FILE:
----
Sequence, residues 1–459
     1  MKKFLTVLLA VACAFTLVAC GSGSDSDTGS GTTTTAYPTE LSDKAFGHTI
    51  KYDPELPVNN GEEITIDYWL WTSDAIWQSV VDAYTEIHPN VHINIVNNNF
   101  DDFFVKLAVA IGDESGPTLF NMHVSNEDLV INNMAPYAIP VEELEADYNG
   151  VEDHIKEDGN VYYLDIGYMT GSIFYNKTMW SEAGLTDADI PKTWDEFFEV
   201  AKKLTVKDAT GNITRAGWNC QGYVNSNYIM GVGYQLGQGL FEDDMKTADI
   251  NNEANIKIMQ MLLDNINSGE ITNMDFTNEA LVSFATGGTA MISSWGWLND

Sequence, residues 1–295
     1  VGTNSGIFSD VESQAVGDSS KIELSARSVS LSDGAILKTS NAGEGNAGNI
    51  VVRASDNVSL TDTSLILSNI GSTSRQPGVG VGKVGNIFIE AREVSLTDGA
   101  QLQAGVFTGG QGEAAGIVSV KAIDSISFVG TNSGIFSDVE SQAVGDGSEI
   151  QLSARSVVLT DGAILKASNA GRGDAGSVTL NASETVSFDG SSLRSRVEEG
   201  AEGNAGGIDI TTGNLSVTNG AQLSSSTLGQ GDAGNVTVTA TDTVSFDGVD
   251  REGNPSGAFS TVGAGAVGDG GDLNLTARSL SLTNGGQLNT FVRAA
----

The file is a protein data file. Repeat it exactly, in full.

Sequence, residues 1–459
     1  MKKFLTVLLA VACAFTLVAC GSGSDSDTGS GTTTTAYPTE LSDKAFGHTI
    51  KYDPELPVNN GEEITIDYWL WTSDAIWQSV VDAYTEIHPN VHINIVNNNF
   101  DDFFVKLAVA IGDESGPTLF NMHVSNEDLV INNMAPYAIP VEELEADYNG
   151  VEDHIKEDGN VYYLDIGYMT GSIFYNKTMW SEAGLTDADI PKTWDEFFEV
   201  AKKLTVKDAT GNITRAGWNC QGYVNSNYIM GVGYQLGQGL FEDDMKTADI
   251  NNEANIKIMQ MLLDNINSGE ITNMDFTNEA LVSFATGGTA MISSWGWLND

Sequence, residues 1–295
     1  VGTNSGIFSD VESQAVGDSS KIELSARSVS LSDGAILKTS NAGEGNAGNI
    51  VVRASDNVSL TDTSLILSNI GSTSRQPGVG VGKVGNIFIE AREVSLTDGA
   101  QLQAGVFTGG QGEAAGIVSV KAIDSISFVG TNSGIFSDVE SQAVGDGSEI
   151  QLSARSVVLT DGAILKASNA GRGDAGSVTL NASETVSFDG SSLRSRVEEG
   201  AEGNAGGIDI TTGNLSVTNG AQLSSSTLGQ GDAGNVTVTA TDTVSFDGVD
   251  REGNPSGAFS TVGAGAVGDG GDLNLTARSL SLTNGGQLNT FVRAA